Dawn Cunningham Luebke

"My sins have been bound into a yoke;
by his hands they were woven together.
They have come upon my neck
and the Lord has sapped my strength.
He has handed me over
to those I cannot withstand."

—Lamentations 1:14

It will passeth
her lips
wrapped over street over corner passeth
in green
scarf atop orange—a Prizm passeth—
                      she shivers on guard
sitting standing         the wind blows—a Skylark passeth—
ice to raise kisses
to her eyes like a bruise—Jimmy passeth—
remembered days later         alone         standing sitting
at corner in street
one child passeth over

It shall passeth over
between snow between curb
she's hooded in gray
sweatshirt—the Tundra passeth—
         frozen                  her sleeves
pulled         in street at corner                  over sleeves
over hands oranged—big Mercury passeth—gloved
holding red extended palm
written in white
                           S.T.O.P.                  —a Celebrity passeth—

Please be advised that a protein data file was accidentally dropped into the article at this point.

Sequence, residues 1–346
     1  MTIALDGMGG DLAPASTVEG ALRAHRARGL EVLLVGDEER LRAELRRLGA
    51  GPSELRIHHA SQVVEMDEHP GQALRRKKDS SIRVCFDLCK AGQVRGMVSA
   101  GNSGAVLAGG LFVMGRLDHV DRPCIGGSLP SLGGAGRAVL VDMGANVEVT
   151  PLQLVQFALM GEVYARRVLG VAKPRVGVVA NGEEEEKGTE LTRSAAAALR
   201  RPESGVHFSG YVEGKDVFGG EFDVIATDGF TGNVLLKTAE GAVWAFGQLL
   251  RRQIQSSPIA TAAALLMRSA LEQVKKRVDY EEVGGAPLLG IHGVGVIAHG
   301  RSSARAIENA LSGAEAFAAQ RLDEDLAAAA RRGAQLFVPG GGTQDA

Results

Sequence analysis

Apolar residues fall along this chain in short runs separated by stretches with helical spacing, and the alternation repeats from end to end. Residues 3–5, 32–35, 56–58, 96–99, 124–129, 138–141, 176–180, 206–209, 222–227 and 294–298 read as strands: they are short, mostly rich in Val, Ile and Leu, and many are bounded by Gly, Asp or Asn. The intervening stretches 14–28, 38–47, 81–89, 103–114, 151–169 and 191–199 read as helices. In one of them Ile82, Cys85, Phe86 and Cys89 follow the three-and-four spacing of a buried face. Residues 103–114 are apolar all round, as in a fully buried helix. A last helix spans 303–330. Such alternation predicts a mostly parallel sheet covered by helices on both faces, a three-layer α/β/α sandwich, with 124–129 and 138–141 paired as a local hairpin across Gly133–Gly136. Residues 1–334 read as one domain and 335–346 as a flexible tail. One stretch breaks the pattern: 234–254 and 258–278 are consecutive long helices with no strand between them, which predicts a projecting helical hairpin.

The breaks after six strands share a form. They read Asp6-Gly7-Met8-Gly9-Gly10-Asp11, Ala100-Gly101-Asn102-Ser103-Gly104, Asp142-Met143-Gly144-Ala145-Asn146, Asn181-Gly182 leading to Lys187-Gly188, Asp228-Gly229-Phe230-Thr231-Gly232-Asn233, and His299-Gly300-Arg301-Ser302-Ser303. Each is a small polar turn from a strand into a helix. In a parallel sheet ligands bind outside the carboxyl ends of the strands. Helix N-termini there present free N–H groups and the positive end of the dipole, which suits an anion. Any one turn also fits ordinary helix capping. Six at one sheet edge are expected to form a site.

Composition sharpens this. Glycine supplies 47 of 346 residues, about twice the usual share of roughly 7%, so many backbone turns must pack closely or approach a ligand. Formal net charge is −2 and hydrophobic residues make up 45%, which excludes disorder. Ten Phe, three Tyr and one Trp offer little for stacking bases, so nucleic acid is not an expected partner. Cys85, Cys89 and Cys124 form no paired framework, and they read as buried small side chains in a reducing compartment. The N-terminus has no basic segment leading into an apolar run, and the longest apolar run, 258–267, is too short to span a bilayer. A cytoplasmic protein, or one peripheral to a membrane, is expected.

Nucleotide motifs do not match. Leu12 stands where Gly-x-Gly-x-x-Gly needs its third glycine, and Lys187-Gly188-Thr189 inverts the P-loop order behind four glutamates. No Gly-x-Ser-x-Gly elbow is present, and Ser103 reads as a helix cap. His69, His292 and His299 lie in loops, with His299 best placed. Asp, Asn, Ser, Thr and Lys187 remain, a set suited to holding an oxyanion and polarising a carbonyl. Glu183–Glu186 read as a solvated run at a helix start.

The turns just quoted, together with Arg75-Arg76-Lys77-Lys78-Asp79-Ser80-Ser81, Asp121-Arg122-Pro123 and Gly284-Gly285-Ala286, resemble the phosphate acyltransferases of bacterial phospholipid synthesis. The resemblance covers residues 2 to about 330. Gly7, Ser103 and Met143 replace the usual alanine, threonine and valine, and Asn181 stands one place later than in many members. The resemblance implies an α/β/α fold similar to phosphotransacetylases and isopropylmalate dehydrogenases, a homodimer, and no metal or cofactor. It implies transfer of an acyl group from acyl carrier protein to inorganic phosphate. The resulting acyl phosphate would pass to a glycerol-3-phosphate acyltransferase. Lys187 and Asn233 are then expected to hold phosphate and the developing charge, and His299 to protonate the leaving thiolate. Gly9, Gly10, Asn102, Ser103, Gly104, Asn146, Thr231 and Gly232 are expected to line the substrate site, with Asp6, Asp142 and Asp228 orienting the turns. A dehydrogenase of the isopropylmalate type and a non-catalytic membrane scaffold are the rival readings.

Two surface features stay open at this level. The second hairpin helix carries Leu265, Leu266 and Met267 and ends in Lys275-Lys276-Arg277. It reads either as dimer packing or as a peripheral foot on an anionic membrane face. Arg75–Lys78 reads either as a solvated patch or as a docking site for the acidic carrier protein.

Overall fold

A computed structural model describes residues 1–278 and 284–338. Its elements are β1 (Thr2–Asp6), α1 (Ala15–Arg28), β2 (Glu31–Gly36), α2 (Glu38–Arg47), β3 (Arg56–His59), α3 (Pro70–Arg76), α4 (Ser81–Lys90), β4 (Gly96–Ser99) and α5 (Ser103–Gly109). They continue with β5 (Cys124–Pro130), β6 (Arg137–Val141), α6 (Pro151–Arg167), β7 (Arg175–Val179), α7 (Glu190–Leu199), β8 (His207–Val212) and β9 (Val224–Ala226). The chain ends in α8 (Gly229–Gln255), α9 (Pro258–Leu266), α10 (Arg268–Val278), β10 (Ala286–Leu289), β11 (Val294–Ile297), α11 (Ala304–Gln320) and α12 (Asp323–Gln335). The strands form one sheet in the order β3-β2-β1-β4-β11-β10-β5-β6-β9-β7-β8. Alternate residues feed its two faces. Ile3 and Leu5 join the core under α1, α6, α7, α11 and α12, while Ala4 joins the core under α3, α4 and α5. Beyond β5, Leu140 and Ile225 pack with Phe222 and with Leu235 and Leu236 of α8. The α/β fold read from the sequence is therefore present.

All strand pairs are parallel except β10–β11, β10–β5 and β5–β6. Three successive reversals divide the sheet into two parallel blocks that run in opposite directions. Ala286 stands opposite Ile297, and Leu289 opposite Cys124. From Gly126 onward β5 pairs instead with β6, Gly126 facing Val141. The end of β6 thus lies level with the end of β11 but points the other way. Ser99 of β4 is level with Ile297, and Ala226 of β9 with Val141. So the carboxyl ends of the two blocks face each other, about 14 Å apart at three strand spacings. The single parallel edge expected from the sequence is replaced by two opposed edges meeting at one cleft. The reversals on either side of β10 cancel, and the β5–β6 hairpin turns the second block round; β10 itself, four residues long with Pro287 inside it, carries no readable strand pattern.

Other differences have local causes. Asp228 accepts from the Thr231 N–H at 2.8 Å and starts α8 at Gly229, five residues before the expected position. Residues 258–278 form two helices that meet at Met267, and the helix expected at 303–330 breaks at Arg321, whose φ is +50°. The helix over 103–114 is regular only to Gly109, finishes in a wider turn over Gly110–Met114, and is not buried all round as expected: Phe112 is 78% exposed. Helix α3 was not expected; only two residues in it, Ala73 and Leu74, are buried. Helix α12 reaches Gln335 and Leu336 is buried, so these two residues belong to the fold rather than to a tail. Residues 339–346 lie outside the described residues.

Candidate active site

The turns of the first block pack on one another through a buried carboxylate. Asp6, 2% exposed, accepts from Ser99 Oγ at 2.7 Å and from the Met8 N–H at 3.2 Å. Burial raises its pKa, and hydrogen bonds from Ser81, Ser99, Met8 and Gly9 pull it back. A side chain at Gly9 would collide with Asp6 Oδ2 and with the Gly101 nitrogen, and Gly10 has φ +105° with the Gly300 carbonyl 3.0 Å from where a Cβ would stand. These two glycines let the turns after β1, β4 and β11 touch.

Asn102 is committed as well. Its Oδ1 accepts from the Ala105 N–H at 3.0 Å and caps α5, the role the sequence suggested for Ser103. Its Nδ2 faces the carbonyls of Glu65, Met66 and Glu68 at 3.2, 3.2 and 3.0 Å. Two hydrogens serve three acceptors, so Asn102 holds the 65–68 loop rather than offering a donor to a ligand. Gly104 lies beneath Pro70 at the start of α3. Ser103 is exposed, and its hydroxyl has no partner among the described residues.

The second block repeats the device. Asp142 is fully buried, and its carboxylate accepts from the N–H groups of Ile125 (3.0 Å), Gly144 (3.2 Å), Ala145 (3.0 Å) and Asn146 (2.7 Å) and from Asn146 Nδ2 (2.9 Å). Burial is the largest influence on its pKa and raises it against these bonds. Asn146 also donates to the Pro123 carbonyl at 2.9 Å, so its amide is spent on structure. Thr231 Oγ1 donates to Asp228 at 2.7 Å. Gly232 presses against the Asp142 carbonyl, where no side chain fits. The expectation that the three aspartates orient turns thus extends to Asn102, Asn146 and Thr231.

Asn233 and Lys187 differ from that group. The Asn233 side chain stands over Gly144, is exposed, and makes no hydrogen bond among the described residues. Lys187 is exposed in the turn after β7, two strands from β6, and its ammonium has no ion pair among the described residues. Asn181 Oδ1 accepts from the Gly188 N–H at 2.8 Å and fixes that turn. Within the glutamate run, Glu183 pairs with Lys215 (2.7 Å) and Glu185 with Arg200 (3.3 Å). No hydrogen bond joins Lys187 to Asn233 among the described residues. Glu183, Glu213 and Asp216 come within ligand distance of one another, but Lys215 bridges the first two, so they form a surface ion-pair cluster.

the wind blows                   standing sitting
its cold                   —the Avalanche passeth—
into her         through her         passed
her         as an ocean wave
cradles a seashell—the Continental passeth—
creating inn-
er voice         an echo within a corner
a street
                                    three children shall passeth over

To passeth over
her like a siren whistles down
her ear         —her Legacy passeth—         the wind washing the street
the corner diluting urgency
to strain
eyes' sight as pitch—of Bronco passeth—
confuses deep brown
brown to black bat as street ice
catches blown wind
that catches her foot         standing sitting
and throws         her         —Spirit passeth—
at corner in street         to back
         wind sucks
         she sucks
         passing Caravan sucks


How funny that you are asking for the germination of SILENCE SATISFIES REQUIREMENTS because I pretty much felt like a germ all to often in the middle of the street stopping traffic to allow children to cross a busy intersection to get to school. The germination of this poem, if you haven't already guessed, comes from my experience as a crossing guard for the Fort Wayne Police Department. It's ajob that all people should take on who deliberately run red lights and stop signs, or just don't pay attention enough to their surroundings and their driving as they sit behind the wheel moving an instrument of great capacity that could be a destructive instrument to those within and to those outside of.

Also, I must recognize George Kalamaras, for he gave this poem its title.